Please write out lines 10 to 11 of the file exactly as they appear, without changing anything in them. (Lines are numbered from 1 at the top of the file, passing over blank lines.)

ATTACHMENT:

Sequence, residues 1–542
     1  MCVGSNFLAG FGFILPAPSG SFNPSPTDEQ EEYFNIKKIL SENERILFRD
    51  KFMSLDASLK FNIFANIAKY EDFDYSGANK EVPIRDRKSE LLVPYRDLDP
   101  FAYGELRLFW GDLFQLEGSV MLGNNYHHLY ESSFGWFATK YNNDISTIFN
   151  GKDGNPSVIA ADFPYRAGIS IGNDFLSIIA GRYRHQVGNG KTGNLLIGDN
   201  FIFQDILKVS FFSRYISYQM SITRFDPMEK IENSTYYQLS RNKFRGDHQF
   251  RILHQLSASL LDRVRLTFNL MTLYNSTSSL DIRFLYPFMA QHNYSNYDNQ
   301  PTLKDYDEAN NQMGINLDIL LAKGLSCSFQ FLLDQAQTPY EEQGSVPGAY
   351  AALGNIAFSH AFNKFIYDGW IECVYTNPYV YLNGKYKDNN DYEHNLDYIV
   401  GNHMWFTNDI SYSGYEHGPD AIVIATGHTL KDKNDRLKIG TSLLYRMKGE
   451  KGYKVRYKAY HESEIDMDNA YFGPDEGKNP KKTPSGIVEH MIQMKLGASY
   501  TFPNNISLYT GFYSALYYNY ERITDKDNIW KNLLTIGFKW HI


   401  GNHMWFTNDI SYSGYEHGPD AIVIATGHTL KDKNDRLKIG TSLLYRMKGE
   451  KGYKVRYKAY HESEIDMDNA YFGPDEGKNP KKTPSGIVEH MIQMKLGASY